Some Viscera-l Feelings on This One – Commodore 64 – Friday the 13th – 1985


Friday the 13th
Commodore 64
Domark Software
Genre: Action Horror

Continuing in the October spirit, I thought about a lot of the unrecognized horror games from the ages. Having just covered the Atari 2600 chapters of some of these games, I figured why not jump to the Commodore 64?

I know there’s a Friday the 13th game there. I’ve played it before.

I love Friday the 13th.

Heck, I could even publish the review of it on Friday the 13th to get everybody as psyched as me that the day falls in October this year!

Well, let me tell you why I’m posting about this game now: because Friday the 13th means too much to me to post about this on that day.

Listen up, and I’ll tell the interesting and sordid tale of the Friday the 13th game that even the NES version may outshine.


One would assume this barn is empty being that it’s barred from the outside.

So far as the plot of this iteration of Friday the 13th goes, very little changes- just like the films. In this version, you play as one of five counselors who ends up at Camp Crystal Lake for various reasons. Each character actually has a little backstory, which is kind of fun but completely meaningless. As you wander around the grounds, you’ll find yourself wandering around with campers until they start getting picked off one by one.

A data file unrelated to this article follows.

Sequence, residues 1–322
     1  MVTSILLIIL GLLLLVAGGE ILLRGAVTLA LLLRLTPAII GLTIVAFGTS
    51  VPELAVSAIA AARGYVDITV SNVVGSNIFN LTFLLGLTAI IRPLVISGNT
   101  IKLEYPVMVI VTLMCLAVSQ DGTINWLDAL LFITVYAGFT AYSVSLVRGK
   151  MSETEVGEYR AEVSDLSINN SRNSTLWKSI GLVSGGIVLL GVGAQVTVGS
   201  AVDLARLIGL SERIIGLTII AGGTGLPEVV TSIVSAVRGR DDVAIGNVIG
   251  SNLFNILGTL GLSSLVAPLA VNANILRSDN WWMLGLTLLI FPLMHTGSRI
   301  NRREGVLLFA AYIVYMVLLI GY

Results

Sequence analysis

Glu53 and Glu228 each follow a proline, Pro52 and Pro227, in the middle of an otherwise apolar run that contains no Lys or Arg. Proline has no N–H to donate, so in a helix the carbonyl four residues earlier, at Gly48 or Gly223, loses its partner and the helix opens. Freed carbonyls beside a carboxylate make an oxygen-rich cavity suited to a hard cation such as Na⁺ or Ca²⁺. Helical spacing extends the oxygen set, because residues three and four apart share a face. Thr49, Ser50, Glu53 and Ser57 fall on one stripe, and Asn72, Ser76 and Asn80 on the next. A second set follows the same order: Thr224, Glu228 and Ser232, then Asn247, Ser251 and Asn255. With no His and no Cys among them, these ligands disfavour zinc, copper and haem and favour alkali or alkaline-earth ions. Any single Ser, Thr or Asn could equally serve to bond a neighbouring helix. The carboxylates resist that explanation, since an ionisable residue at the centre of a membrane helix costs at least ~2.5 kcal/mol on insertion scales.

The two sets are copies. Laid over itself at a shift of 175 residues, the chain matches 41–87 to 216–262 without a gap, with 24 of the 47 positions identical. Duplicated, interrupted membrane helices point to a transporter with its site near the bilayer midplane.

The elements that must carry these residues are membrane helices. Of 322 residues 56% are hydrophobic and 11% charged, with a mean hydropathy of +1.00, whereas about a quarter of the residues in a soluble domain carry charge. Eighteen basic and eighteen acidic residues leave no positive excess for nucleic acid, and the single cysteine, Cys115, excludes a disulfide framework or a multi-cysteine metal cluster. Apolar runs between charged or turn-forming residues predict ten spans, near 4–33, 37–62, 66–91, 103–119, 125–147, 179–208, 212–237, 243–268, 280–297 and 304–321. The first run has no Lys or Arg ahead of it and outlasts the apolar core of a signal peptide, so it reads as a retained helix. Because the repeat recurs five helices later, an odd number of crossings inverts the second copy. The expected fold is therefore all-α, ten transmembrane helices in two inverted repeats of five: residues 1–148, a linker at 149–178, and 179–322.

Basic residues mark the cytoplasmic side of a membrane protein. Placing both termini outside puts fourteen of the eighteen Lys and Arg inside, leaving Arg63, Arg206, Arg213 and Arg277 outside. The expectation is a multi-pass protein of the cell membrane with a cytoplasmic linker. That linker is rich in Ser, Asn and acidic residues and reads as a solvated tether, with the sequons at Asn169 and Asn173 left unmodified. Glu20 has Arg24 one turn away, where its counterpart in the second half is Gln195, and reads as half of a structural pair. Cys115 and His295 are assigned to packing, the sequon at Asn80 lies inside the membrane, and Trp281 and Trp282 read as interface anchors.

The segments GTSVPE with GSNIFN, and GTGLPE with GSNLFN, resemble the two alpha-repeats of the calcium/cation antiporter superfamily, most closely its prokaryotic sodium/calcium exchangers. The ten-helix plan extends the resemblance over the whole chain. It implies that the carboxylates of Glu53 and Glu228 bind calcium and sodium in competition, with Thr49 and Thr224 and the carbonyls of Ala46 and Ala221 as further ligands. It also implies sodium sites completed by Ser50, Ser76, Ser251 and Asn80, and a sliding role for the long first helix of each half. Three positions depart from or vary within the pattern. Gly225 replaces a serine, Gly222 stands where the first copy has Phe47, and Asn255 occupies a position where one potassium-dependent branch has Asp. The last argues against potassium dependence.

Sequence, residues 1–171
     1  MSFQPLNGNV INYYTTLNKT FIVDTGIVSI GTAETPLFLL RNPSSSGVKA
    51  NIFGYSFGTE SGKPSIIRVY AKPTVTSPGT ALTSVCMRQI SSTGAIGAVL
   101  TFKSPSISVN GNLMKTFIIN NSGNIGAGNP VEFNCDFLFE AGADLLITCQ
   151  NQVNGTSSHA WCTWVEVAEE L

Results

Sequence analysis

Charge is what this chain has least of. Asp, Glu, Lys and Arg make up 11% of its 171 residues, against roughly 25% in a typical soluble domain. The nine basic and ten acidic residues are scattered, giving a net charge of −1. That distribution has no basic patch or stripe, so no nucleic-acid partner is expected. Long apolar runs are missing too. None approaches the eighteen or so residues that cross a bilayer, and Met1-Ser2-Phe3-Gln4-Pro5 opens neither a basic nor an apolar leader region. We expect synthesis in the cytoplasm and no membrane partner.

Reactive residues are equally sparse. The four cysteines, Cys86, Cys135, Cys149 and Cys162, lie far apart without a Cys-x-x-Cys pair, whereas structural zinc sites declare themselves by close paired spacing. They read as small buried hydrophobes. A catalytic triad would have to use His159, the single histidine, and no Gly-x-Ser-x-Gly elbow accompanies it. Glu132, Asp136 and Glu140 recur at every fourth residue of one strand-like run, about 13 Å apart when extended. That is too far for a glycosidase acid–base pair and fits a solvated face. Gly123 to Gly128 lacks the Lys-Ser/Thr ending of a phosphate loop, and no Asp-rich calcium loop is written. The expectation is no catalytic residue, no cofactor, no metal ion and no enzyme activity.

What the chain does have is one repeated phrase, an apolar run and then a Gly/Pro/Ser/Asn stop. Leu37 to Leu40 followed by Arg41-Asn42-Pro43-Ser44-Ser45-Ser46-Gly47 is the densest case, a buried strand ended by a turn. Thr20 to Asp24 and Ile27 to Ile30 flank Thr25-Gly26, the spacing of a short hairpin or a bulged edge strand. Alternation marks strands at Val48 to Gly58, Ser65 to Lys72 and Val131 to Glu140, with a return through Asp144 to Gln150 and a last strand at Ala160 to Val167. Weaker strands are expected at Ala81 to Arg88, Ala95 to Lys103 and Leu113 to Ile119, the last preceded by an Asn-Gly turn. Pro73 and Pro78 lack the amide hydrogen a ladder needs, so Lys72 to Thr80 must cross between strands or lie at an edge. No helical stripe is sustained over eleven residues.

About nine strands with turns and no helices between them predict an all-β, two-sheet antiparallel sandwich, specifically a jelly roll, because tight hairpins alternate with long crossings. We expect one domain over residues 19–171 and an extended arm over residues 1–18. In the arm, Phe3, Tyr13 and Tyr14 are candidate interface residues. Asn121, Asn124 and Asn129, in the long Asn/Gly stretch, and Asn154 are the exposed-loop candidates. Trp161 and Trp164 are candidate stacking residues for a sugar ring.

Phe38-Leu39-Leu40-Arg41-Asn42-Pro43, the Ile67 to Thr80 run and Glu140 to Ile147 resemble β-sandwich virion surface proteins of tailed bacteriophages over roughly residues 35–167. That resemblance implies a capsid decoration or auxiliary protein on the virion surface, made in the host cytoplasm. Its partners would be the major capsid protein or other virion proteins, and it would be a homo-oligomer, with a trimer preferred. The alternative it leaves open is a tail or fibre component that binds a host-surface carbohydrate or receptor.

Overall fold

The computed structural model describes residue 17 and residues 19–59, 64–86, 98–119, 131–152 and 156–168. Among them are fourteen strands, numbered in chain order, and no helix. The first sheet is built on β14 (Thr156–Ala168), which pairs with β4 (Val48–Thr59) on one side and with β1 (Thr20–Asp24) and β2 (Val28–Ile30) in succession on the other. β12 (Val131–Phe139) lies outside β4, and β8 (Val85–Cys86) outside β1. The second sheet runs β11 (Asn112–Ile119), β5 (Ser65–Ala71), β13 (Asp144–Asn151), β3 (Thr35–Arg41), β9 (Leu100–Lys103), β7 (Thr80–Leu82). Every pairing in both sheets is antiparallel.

The catch here is that our usual killer, Jason, is disguised as one of your campers. No, you didn’t misread that. The hulking hockey-masked killer of tens of teens looks just like one of your campers. How the- you might ask- are you supposed to fend them off from the wrath of his machete?

Hit them with weapons that you find across the grounds, of course.

If you hit a camper and they flinch and walk away? They’re legitimate campers. If they flash to a figure in all black? It’s Jason.

Oh, we’ll get to that soon.

There are a few other features that are actually pretty neat in the game, even if they aren’t utilized well. You have a number of factors to work against and meters to keep track of. A ‘fear meter’ gauges your mental fortitude. If you see too many corpses or accidentally kill one of your campers, it will raise. If it raises to much, your counselors dies of shock and it’s game over. You also have a life meter, which works as expected. Once you uncover Jason’s identity, he’ll most likely attack you until you are dead or you kill him. The last metaphysical struggle is against time. As events happen, a hockey mask shaped meter fills, and if it is completed, it’s game over. Fortunately, most of these don’t become much of a factor. The fear meter raises very little, and the time meter usually doesn’t have the chance to fill much. Your real worry, then, is being hacked to death once you find Jason.


There may be some strange ‘cry for help’ self-insertion going on in this one.

One of the big features is supposed to be that you can set up a ‘Sanctuary’ by finding a cross and placing it in one of the buildings. This should cause the campers to convene there and be safe from Jason. Having tried it once, I didn’t notice much of a difference, and I found Jason not once but twice ducking into the Sanctuary after I routed him out. The concept is neat, but it doesn’t seem to play out.